68AL Summary of Research
Based on the archaeological remains, historical evidence, and comparisons with research findings of other 18th-century, Chesapeake slave housing, the RNSQ dwelling was likely a wooden, double-pen residence with an internal wall and dirt floor. It measured approximately 20’ wide and 30’ long. Given the gender and age demographics of the enslaved Rich Neck community (Ludwell probate inventory), two families probably shared the structure, each with its own residence.
Ceramic and tobacco pipe stem data helped to establish an occupation span of c. 1740s-1778. Virginia half-pennies minted in 1773 were recovered from several pits backfilled during the latter stage of occupation. Documentary sources reveal a possible explanation. In 1778, William Lee learned that the Paradises, who owned a large portion of Rich Neck, which likely included the quarter, had been abandoned by all of the enslaved, save for one (Shepperson 1942:136). Governor Dunmore had decreed that any slaves escaping to the British who were willing to fight the rebels would be freed (Kulikoff 1986:418–419; Mullin 1972:130–136). As many as 70 enslaved individuals fled Greenspring that same year as well.
RNSQ site phasing consisted of determining the life cycle of the house and its related features from initial construction to post-abandonment (see Table 2). Six phases were determined based upon the depositional histories of each feature (as determined using ceramic crossmend data, TPQs for each context, and the sequence of backfill for each feature) and the relationships between features.
Table 2: Rich Neck Slave Quarter site phasing. The TPQs given for Phases I-IV are based upon the most recent TPQ established for a particular context assigned for each phase.
Phase I: Initial Construction of House (c. 1740) Master Context
Context Numbers Associated with Phase I
57, 59, 179, 196, 58 (builder’s trench cut)
Phase II: Root Cellar Activities (tpq 1745) Master Context
Context Numbers Associated with Phase II
134, 135 (145 cut), 137, 149 (feature cut)
29, 30 (feature cut)
35 (feature cut)
71, 158, 185 (feature cut)
144, 186 (feature cut)
14 and 17
49 (redeposited sub backfill)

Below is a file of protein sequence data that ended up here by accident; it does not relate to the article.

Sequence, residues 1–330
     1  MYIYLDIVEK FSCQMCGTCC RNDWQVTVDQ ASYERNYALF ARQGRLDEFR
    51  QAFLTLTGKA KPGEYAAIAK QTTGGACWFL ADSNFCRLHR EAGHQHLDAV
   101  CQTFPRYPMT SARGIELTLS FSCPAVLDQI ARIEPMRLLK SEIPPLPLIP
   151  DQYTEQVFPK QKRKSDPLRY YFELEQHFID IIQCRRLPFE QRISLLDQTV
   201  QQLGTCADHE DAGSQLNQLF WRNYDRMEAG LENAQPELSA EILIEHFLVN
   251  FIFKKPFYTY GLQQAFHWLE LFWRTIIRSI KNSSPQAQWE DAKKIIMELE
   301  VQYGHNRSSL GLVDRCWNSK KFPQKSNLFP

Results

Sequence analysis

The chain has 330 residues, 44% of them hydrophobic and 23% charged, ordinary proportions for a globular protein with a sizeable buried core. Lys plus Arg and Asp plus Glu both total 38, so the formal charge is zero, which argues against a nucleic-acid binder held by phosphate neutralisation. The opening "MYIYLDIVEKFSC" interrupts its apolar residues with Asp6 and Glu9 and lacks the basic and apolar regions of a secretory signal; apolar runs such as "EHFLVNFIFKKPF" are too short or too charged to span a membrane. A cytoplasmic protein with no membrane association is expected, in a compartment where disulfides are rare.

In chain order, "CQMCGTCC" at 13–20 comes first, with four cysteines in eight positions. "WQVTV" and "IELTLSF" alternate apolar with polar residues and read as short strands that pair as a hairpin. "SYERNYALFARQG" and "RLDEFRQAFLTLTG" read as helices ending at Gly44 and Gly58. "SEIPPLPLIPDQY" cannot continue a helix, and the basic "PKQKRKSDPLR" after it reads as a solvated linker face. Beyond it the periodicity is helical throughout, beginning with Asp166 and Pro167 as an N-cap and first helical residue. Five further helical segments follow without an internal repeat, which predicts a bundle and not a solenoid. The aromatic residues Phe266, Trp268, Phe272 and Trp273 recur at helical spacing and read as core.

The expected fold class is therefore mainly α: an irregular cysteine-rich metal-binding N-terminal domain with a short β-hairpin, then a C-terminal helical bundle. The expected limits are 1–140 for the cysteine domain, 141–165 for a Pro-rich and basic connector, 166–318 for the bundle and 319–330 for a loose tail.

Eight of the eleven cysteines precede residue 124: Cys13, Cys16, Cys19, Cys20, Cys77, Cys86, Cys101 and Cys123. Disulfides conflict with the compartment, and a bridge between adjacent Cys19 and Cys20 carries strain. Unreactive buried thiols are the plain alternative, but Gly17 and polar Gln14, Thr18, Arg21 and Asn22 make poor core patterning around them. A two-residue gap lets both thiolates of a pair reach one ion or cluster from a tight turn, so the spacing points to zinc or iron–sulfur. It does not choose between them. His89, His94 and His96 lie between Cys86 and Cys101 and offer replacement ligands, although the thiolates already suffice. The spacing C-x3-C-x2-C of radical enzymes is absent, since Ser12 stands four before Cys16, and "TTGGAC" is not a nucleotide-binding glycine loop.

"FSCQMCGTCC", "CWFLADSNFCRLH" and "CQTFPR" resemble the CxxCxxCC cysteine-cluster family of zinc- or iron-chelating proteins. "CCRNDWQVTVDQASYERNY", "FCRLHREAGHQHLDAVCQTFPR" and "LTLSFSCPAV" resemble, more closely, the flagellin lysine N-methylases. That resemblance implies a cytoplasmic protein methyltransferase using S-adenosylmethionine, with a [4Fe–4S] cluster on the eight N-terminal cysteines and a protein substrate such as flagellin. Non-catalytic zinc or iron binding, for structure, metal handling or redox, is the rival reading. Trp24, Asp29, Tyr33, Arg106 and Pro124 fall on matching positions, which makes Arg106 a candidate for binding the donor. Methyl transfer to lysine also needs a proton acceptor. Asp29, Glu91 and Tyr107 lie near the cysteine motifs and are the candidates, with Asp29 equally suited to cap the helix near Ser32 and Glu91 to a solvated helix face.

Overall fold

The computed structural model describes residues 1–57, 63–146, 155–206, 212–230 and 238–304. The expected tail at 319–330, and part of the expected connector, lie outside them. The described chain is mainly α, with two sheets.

21, 22 (feature cut)
169, 170, 171, 172, 173, 176, 181, 184 (feature cut)
Phase III: Root Cellar Activities (tpq 1765) Master Context
Context Numbers Associated with Phase III
90, 92, 97, 105, 117, 103, 110 (111 cut), 112, 119, 121, 122, 136
100, 102, 67 (feature cut)
84 (feature cut)
Phase IV: Root Cellar Activities (tpq 1773) Master Context
Context Numbers Associated with Phase IV
27, 73, 99, 101
129 (feature cut)
32 (feature cut)
34, 36, 37, 109, 123, 127, 132
120, 684 (feature cut)
47, 51, 146, 52 (feature cut)
94 (feature cut)
42, 68, 86, 130, 162, 163, 164, 165, 166
Phase V: Final Backfilling of Features and House Abandonment (c. 1773-1778) Master Context
Context Numbers Associated with Phase V
25, 63, 501, 1241, 1243, 1245, 1247, 1249, 1251
126, 128, 141, 161
44, 53, 683
Phase VI: Post-Abandonment Activities (post-1778) Master Context
Context Numbers Associated with Phase VI
55, 56 (feature cut)
Most of the artifacts recovered from the sub-floor pits constituted secondary depositions. The ceramic crossmend evidence indicated that individuals collected backfill dirt largely from the midden northwest and west of the house (see above discussion under “Excavation history”). Since residents in both halves of the house probably used the same area for refuse disposal and the retrieval of backfill for defunct root cellars, it was impossible to compare the two households using archaeological evidence. However, given the depositional history of the root cellars, it is possible to analyze the data diachronically as representative of both households over time.
The majority of the historic artifacts constituted the architectural materials associated with the dwelling (nails, window glass, etc.) and domestic debris commonly found on household-related sites (ceramics, wine bottle glass, table glass, etc.). The artifacts represented not only household activities such as foodways and sewing, but objects related to clothing and personal adornment, home furnishings, hygiene practices, and medicinal usage were also present. A variety of woodworking tools such as hammers and chisels were recovered. Hilling hoes and sickles were token reminders of the daily toil of Rich Neck’s enslaved community.